A Beginner’s Strategy to Hosting A Wine Tasting Party

Wine production has been on the rise as of late, with states such as New York, Ohio and Idaho cutting into the share of an industry still dominated by California.

As production grows so does the desire to try as many new types of wine as possible. Going to a vineyard is certainly an option to complete this task, but hosting a wine tasting party is a terrific opportunity to experience the wide range of reds and whites available on today’s market.

Where to start, though? That’s a good question, considering many of us might not have the necessary racks upon racks of wines stored in our residences to provide for a party. The following is quick beginner’s strategy to hosting a wine tasting party that you and your friends will enjoy.

Choosing the Wine

There are options aplenty when it comes to choosing what bottle(s) to have for your party. Narrow it down by settling on a country or region to sample from on this occasion. This will help narrow down your choices and could also tie-in for a nice theme to your party. Also, it may prevent that one friend from bringing a bottle of Thunderbird to your party. (Admit it, we all have a friend that would do that.)

Speaking of which, when settling on wine choices, decide if your party is going to be one in which you supply all of the wine or guests will help out by bringing a bottle. If hosting a smaller party with only a few guests, it might be feasible to supply all of the wine choices yourself.

If the guest list grows, though, it might be time to think of other options. Having each guest (or couple) bring their own bottle of wine to sample (relating to the country/region, of course) might be better in the long run on your pocketbook.

Depending on the size of your party, it’s also a good idea to limit the choices to six different wines or less. A good rule of thumb is to have two bottles of each type of wine per eight guests. This, of course, depends on if you’re doing a true wine tasting (four to eight ounces per pour) or simply getting together with friends and having a full glass of wine.

Setting a Price Range

No matter if you’re supplying the wine or guests are bringing their own bottle, it’s best to set a limit on spending. A price range of $10-15 might be best. Obviously, this depends on your own budget and the budget of the guests you’re inviting, but I’ve found this is a nice, average price range, especially if you’re buying all the wine yourself.

Keeping a budget in mind will go a long way in keeping the mood jovial at your event. There’s no need to be thinking “There goes another ten dollars down the drain” every time someone spits out a mouthful of wine all because you wanted to spend over one hundred dollars on your drink of choice.

The Equipment

What do you mean you don’t have wine glasses? Doesn’t everyone own them in this day and age? No? Okay, you’re right. Do you absolutely need them? That answer, again, is no.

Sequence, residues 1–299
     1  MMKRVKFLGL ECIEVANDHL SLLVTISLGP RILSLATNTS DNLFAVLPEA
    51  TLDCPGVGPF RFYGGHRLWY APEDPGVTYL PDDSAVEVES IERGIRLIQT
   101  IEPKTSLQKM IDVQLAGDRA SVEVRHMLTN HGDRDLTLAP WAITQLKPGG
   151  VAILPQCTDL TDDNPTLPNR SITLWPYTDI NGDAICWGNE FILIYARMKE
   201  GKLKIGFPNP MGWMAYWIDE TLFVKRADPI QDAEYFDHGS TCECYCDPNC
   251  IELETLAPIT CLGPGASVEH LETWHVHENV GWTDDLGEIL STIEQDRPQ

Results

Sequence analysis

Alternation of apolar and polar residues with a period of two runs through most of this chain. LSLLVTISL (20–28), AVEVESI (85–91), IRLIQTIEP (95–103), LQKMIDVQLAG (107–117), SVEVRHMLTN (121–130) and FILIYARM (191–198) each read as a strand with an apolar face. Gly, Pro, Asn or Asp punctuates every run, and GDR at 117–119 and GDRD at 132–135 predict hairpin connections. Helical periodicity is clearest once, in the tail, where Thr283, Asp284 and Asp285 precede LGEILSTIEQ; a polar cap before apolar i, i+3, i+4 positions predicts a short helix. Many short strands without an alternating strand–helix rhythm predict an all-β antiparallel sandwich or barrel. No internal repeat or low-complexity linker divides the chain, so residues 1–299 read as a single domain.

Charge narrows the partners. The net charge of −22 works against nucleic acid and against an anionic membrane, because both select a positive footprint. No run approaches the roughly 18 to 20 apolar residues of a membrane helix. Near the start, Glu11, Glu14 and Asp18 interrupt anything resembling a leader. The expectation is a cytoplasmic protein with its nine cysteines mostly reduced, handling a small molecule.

Since you’re just beginning, there is no need to be reach the ultimate levels of being fancy in your first go around. Any drinking glasses you might have, especially those with wider mouths, will do just fine in hosting your party.

You can even find all-purpose wine glasses at reasonable prices if you want that full wine-tasting experience. And if you want,, encourage your guests to bring their own wine glass, if they feel so inclined. Some may even prefer this way, depending on what sort of circles you run with and who’s been invited to the gathering.

And don’t forget a bucket. Remember the spitting of wine I mentioned earlier? The guests will need somewhere to spit out the wine they might not like. (Though that’s quite a waste of alcohol, good or bad). Rather than the entire party sitting standing around the sink, make it easier and find a bucket of some sort to collect this waste of wine.


Every good party needs something to snack on, even a wine tasting party. A variety of cheeses is a safe bet as are water crackers. Both of these items provide adequate sustenance while not interfering with your palate during the wine tasting experience.

Almonds and strawberries are also both excellent choices if you’re looking to add more of a variety to the snacks available to guests.

Make it fun

This is the most important aspect of any party. No need to make it any different when it comes to tasting wine. The guests are there to judge the wine, not each other.

A wine tasting party may appear to be more of a formal setting, but there is no need to create an uptight mood. Play music, chat, and encourage your guests to have a good time. Enjoying the atmosphere should be more than enough to ensure that your first wine tasting party is a success.

Jason Haskins

Jason is an author and playwright living in Boise, ID. He is a contributor to many websites and hopes to one day put his expansive knowledge of Saved by the Bell to good use.

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